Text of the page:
more frequent. Note: Take your time, don't
rush between rest periods and then pant out your
supposed rest, drink little water-you are having
a hard enough time without carrying more water
with you. After an hour and a half have elapsed
and youlre about to give out, don't fail to ask
the guide how far it is to the top. He is most
likely to say, "Just a few minutes moref' and
really that cheers you up. If that wonlt do it,
just say to yourself, 'lWhat a wonderful view at
the top, and I'm sure of a rewardfl After much
grunting, struggling, panting, and pushing, your
efforts are rewarded, for there looming before you
is nothing but sky-of course, that means the top!
Oh! What a relief and br-r-r-r-r-r, how cold!
Editorls note: See, I told you you'd need a
sweater, for the wind does blow on the top of a
Yould think you would be tired after all that
climbing, wouldn't you? But no, the view is so
gorgeous that you just have to stand and gaze. To
us f'Westerners,l' the clear valley below dotted
with lakes, hills, houses, and hamlets, is a magnifi-
cent sight. I know Illl never forget the thrills
received after climbing my first mountain. The
view is indescribable! One can see to the west
the sun streaming down the valleys below and
striking the distant mountains. To the east per-
haps, if you are lucky, you can see the rain pour-
ing on a hazy notch in the mountains. It is a
sight that the eye alone can visualize. May every-
one, some time in his life, enjoy the true beauty
in nature in that manner, as I have! Truly this
terrible tale of mountain climbing might sound
odd to one who has never indulged in this vigor-
ous pastime, but I assure you that climbing high
into heights unknown gives one a feeling, uplifting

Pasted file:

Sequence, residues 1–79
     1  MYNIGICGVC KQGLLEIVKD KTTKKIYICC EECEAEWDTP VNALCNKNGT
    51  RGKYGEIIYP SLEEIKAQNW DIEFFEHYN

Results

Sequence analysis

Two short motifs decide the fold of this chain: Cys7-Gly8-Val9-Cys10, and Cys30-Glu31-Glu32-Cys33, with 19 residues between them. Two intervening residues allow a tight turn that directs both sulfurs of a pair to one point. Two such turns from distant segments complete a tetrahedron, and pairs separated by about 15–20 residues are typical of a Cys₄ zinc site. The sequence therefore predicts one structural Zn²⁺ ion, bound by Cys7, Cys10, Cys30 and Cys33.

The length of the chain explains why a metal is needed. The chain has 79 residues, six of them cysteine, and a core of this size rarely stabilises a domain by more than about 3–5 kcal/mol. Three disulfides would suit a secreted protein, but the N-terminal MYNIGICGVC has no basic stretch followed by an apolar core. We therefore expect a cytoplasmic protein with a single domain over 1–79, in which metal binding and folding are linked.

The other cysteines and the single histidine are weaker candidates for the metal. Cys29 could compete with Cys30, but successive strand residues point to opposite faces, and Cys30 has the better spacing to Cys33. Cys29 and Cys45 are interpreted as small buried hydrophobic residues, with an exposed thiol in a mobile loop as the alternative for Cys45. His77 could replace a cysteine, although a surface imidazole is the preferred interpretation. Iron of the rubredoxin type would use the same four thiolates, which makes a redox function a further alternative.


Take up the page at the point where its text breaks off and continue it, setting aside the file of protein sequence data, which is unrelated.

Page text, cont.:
to mind and body.
-Virginia Brien, '3,1.
Up! Up! on they climb-
Silver sheen on fragile brown,
Round and round
Up! Up! on they climb-
Silver balls for silver dimes,
Round and round
Like dollars made from stems of brown.
And oft the brown and mousey grey
From troubles take my thoughts away,
And bid me travel o'er green hills,
And dream and play 'neath daffodils.
-Dorothy Darrow, ,34.
STEELE SPOTLIGHT 41
WHAT IS IT ?
It's smooth. It's raucous. Itls nerve-racking.
Itis soothing. It's whiney. Itis blatant. It follows
you in your waking hours, it haunts you in all your
dreams. You can't escape it. Sometimes you don't
want to escape it. Itis that syncopated something
Nights, cool, balmy nights made for delicious
slumber! A neighboring radio is sure to be throb-
bing with its restless rhythm. It beats into your
brain. You toss restlessly. Every fresh breeze
brings a new, more relentless strain. It surrounds
you. It distracts you. It keeps you from sleep.
It won't let you think. It's awful. Itis jazz. '
-r if if
Your desk is piled with books: a history text,
a physics lab. manual, a "Milton's Minor Poemsf,
Youire frantic. You've a test tomorrow. You're
sleepy. It's eleven o'c1ock, and sister is having a
party downstairs. Some one is playing the piano.
The crowd is singing. Their voices are wafted up
the stairs. "Take Me Where the Daisies Cover the
Country Lanes." You'd like to take the whole
bunch of them somewhere and dump them, daisies,
or no daisies! Theyire keeping it up. Don't they
know there's a limit to everything? Will they never
stop? Youid like to meet the fellow who invented
jazz-on some dark night.
Pk if if
Aha! The scene has changed. What have we
here? A beautiful night. Water with the light of
a glorious moon reflected on it. A canoe. Soft
music. A low voice.
"Play that one again, jack. I could listen to it
all the rest of my life."
-Doris Richardson, '34.
Of the two or three attributes a word must
possess in order to be generally termed beautiful,
euphony, to my mind, is the most important.
Without this quality, there can be no beauty. For
a word to express mere loveliness of meaning is
not enough. Indeed, I place such a high value